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He doesn't talk all the time. It just seems as if he does. Last week cauliflower-eared Charlie Speidel, wrestling coach at Penn State for 35 years, had even more than usual to talk about. His team was competing in the NCAA championships at the University of Maryland.
In the Penn State equipment room last Wednesday the baggage was being gathered for the 185-mile trip by car to College Park, Md. Charlie, 61, sat on one of the tables in the equipment room, the stubby legs on his 5-foot-5 frame dangling far from the floor.
"Hi, Doc," boomed Speidel as Sam Minor, the team captain, came by. "I don't know what route we drive, Sam. Let the drivers decide. I tried to tell 'em last time and everybody got lost."
Charlie had started slowly. Now his words were tumbling out faster, racing each other. "We get 6,000 here for our dual meets. They love the action. College rules permit more maneuverability than Olympic rules. Why, in Greco-Roman wrestling we have to eliminate 90% of our tricks because they don't allow holds below the waist." He gripped himself about the waist with tight little fingers, and threw up his arms.
"We don't want to have to start training our kids in grade school just so they can win a gold medal 20 years later. We think our college rules bring out the finest wrestling. They test a boy in all aspects of the sport—offense, defense, the works. For years America won the Olympic wrestling when they were using our catch-as-catch-can college rules, and then in 1928 they voted us down, because we have just one man on that committee, and how are you gonna win an election with one vote? Now if a man's shoulders just roll over the mat—they call that a touch fall—he's pinned in the Olympics. A man can get pinned without even knowing his shoulders have touched the mat, and that's not right. A man gets overcautious. We're trying to get 'em to change the rules back. Olympic wrestling puts too much emphasis on strength. Why, they think its wonderful if you can make yourself rigid like an iron horse and hold like that."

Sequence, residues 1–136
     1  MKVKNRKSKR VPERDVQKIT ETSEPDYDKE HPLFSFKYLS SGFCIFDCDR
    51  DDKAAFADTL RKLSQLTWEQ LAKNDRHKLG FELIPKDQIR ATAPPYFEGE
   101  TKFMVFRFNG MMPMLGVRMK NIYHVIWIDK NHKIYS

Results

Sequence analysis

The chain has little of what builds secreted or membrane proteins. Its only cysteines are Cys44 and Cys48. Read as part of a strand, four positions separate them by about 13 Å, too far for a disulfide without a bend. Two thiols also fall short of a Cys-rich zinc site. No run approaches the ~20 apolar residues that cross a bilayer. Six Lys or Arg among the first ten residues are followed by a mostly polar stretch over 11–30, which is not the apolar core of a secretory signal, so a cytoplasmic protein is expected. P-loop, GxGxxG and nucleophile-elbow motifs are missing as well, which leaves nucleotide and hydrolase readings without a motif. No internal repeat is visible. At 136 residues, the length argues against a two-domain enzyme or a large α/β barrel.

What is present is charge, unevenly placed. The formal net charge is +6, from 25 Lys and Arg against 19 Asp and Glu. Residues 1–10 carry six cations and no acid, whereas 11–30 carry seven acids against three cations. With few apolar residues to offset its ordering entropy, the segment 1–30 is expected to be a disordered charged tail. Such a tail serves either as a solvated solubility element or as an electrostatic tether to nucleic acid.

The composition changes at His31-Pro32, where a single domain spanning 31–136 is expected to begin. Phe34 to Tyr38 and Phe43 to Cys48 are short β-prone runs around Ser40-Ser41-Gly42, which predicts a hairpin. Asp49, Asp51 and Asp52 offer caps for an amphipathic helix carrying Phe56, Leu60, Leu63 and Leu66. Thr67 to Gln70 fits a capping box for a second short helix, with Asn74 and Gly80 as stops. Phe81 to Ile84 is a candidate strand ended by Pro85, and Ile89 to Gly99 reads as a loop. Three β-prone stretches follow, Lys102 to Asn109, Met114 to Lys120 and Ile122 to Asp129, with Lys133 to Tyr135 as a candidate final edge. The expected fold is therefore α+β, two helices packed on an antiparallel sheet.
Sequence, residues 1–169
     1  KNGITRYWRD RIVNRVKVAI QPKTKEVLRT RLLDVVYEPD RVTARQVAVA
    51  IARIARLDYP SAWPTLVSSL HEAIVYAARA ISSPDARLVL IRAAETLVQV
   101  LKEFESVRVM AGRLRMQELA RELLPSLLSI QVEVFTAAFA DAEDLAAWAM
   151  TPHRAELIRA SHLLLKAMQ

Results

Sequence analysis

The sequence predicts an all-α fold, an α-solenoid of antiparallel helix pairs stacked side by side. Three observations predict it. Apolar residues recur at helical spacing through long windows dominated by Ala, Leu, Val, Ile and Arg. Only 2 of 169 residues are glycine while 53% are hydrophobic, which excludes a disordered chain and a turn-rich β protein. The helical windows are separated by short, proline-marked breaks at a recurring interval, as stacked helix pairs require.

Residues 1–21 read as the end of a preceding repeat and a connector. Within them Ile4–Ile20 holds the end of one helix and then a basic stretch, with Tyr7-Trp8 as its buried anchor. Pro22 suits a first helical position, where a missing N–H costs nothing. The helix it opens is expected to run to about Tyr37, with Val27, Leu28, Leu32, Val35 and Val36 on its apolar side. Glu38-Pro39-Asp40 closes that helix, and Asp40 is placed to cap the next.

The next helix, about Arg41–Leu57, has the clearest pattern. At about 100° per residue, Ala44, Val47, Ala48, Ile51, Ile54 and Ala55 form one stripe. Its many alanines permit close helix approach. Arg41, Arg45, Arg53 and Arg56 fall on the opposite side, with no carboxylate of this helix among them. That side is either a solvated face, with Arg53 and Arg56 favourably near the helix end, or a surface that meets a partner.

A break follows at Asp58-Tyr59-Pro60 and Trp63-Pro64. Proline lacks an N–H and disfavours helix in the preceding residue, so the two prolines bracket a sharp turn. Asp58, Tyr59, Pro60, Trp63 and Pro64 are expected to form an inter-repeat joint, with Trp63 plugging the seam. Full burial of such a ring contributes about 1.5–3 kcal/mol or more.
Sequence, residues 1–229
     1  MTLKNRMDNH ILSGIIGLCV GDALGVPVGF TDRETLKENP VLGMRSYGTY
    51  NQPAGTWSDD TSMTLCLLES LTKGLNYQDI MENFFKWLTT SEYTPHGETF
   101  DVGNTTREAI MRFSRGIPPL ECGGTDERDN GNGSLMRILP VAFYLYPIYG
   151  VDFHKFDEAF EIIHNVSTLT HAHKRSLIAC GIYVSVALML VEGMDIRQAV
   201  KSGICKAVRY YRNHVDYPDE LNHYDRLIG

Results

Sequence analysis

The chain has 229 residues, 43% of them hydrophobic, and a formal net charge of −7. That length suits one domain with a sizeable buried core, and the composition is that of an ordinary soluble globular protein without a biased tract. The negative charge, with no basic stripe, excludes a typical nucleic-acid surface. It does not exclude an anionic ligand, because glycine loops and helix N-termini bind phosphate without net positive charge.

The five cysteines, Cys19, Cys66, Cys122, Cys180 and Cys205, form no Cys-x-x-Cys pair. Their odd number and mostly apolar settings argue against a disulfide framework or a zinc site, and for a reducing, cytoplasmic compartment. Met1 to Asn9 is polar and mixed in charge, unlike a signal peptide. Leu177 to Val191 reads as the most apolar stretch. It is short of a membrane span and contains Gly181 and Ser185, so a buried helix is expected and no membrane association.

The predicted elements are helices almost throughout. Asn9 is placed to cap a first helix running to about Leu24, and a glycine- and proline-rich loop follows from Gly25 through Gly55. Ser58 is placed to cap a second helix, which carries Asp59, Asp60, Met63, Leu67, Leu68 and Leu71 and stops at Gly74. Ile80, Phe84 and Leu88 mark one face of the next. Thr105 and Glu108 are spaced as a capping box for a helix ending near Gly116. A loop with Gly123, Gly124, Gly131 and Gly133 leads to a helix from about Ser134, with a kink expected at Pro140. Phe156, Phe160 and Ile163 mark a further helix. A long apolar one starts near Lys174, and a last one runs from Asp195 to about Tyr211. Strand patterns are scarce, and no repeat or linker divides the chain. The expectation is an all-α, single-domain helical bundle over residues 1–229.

He bounded down from the table. "Let's go, Doc."
Speidel has gone to a lot of tournaments, but he was bubbling with the enthusiasm of a kid with a bag of marbles as he got in the back seat of a black Lark driven by Ed Czekaj, business manager of athletics. He kept right on talking.
"We've got to get back to the basics in this country: reading, writing, arithmetic and," as he poked a hard finger into his rib cage, "care of the body. Too many of our boys have narrow shoulders and wide hips.
"When you're out there wrestling you're on your own." Charlie turned sideways and his voice shifted to the excited, raspy staccato of a Jimmy Cagney. "Suddenly you realize nobody can help you." He clutched his throat. "The other guy's tough. You're afraid." His eyes widened, his hands jumped in front of his chest and locked in icy fear. "What are you going to do?"
He sat back and looked out the window.